Parents & Caregivers: We’re here for you!

At Girls Leadership, we want to support you and your girls.  

More Resources

For more ideas on how to strengthen your relationships and invite joy into your home, sign up for our popular Girl & Grown-Up Workshops

Here’s one tool that might help! 

In the unique scenarios we find ourselves in, our unique needs have to be met. This is where compassion, patience and voice come in as caregivers. We invite you to ask the question:  


What do I need?

Consider these reflection questions to get you started:

  • How will you take care of yourself?
  • What do you need each individual in your home to start or stop doing to make it easier on everyone?
  • And what do those expectations look like for each individual? 

Most of the time, we as caregivers have internal conversations around asking for what we need. For some of us, that comes with guilt or shame because we’re supposed to figure it all out and always place everyone else’s needs above our own. Yet, if we want our girls and children to have healthy relationships with themselves and others, we have to model respecting and asking for what we need.  


Spark a conversation

Here are a few questions to spark a family conversation:

  • What are things we need support around? 
  • What are our emotional needs? What are our physical needs? 
  • What kind of check-ins need to happen in our family and how often should they happen for our household to run as smoothly as possible? 


And Remember  

We’re all doing trying our best these days. It may be hard for any member of our family to express what they need. It may also be tempting to tell everyone what they need to do, instead of listening. Consider that each family member is dealing with their own challenges right now, and we may have to let go of our expectations for exactly how things will look. For example, if a family decides to split meal responsibilities, one person may decide upon cereal for dinner and another person’s meal may be pancakes, eggs and sausage. One person’s outside time may constitute sitting on the porch and another’s may be going to the park. The point is, support looks different, but if we don’t ask for what we need, it’s very likely that our needs will not be met.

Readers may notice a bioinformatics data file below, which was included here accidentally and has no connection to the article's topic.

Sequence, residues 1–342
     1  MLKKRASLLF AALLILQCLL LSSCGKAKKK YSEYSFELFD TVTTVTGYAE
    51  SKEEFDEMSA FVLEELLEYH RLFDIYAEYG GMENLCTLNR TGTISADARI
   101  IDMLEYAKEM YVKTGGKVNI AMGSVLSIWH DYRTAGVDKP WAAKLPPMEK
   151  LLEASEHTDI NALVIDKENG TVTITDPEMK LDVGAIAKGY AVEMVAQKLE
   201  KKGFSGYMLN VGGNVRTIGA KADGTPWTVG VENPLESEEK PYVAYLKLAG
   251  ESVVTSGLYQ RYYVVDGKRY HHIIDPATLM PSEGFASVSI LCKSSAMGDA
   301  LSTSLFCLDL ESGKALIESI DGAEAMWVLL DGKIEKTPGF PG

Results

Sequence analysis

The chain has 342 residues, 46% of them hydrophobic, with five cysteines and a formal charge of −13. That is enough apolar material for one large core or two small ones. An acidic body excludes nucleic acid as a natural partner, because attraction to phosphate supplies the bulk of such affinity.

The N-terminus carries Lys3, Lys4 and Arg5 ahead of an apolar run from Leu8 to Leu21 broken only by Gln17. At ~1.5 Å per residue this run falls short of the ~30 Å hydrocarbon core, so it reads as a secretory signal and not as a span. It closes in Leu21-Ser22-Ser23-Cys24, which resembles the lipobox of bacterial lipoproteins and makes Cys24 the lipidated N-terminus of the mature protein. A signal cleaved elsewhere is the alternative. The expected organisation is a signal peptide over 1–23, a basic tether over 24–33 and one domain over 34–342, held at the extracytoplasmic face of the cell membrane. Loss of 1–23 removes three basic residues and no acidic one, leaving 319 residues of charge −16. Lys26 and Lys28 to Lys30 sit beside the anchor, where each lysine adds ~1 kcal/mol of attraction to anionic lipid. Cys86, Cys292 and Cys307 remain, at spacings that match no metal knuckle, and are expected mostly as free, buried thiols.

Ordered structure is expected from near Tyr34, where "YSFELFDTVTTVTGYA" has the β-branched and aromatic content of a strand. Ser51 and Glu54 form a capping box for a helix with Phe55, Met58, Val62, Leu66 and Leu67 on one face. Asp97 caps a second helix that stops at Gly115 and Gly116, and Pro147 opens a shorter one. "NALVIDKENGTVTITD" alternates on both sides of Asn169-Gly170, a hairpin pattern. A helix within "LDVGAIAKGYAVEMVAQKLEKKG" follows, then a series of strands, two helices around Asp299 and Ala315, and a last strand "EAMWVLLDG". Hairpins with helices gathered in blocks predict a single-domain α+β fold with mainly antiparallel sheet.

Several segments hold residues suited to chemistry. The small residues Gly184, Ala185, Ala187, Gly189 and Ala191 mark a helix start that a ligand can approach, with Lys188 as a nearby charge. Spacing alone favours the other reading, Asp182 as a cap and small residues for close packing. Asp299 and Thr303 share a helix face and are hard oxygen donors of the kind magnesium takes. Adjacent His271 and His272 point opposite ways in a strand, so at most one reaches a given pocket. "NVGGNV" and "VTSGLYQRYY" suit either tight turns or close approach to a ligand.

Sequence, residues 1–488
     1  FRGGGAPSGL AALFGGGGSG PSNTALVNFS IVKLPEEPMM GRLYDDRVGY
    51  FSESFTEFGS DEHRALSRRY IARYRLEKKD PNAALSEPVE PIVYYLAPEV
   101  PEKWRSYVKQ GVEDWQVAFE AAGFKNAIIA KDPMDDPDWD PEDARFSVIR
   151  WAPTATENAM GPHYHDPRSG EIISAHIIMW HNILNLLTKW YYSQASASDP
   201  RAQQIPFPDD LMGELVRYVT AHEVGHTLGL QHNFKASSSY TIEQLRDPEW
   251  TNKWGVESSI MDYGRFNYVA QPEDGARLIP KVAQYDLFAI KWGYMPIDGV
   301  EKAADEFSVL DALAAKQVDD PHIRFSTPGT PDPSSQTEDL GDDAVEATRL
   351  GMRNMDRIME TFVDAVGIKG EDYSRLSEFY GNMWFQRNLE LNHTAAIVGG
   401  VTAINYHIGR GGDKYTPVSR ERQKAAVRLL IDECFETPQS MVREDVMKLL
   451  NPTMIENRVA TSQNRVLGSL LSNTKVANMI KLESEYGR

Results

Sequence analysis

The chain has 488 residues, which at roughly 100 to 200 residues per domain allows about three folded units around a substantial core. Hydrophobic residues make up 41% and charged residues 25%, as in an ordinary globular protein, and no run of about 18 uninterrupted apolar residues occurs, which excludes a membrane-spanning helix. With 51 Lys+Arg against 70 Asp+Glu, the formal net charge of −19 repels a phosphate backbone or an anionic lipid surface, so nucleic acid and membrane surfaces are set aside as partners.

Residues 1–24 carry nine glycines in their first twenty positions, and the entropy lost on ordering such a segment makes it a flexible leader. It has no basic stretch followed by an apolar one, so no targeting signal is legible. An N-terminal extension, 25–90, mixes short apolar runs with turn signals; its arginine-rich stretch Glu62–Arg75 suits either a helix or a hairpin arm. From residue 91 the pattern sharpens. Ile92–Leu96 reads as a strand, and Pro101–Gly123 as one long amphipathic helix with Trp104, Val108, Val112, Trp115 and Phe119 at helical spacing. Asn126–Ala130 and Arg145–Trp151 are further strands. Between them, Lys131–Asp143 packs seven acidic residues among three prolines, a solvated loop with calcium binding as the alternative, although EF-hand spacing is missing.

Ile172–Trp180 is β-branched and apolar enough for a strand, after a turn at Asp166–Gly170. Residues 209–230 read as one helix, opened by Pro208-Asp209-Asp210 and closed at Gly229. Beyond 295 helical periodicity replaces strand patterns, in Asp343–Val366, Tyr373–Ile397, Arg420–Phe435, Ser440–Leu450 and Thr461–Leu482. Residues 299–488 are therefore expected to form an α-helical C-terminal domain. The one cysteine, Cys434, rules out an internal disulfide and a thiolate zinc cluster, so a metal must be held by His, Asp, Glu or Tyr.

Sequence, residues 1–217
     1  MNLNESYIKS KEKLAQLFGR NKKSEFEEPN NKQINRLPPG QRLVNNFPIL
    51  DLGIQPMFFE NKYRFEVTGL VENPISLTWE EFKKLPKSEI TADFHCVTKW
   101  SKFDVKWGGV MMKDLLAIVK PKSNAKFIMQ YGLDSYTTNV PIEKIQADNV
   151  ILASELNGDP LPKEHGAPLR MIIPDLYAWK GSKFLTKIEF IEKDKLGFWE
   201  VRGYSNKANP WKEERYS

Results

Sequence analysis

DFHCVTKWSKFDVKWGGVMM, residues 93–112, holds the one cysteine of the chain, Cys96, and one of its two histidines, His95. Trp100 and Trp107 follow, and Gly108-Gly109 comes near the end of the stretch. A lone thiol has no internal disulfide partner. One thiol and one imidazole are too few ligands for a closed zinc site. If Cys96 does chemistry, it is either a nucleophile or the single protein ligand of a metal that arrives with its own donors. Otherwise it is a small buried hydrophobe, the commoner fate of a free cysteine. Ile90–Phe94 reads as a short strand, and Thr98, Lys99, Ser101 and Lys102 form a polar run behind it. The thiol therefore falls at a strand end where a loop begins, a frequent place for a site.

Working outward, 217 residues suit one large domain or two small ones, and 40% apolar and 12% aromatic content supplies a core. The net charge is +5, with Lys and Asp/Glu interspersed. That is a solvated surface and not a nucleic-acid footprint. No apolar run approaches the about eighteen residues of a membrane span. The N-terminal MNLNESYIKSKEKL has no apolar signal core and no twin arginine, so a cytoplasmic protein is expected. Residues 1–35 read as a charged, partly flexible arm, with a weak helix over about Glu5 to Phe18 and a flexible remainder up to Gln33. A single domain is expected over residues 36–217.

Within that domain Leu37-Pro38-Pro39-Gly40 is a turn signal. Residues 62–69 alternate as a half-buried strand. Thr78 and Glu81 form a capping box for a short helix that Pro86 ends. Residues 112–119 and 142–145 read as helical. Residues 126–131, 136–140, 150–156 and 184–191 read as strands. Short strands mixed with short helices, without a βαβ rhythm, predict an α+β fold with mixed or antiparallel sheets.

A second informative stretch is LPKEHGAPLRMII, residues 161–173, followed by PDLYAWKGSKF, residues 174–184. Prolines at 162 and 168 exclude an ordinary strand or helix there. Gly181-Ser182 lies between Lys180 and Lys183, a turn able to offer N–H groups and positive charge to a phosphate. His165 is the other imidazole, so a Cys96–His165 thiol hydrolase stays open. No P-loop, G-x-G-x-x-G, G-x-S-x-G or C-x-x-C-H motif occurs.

Why it Matters

During this time where everyone is just trying to figure it out, asking for what you need may be one Girls Leadership tool that can help as we support our girls, children and families. As caregivers, we are juggling jobs, working with our children at home, sparring off sibling wars, supporting classroom teachers from a distance, and dealing with the anxiety of what’s going to happen next. Many children have returned to virtual learning, missing their in-person interactions with their peers and friends, and trying their best to process this unprecedented reality of hyper-vigilance and caution. When we, as parents, find ourselves in these spaces, it’s easy to become overwhelmed and just check out. However, we know we have little humans depending on us, and so the key is learning a better way to function within the unknown. 

And above all, we want you to know that you and your children matter.


More Resources

For more ideas on how to strengthen your relationships and invite joy into your home, check out our post on Sparking Joy and sign up for our popular Girl & Grown-Up Workshops. Scholarships available.



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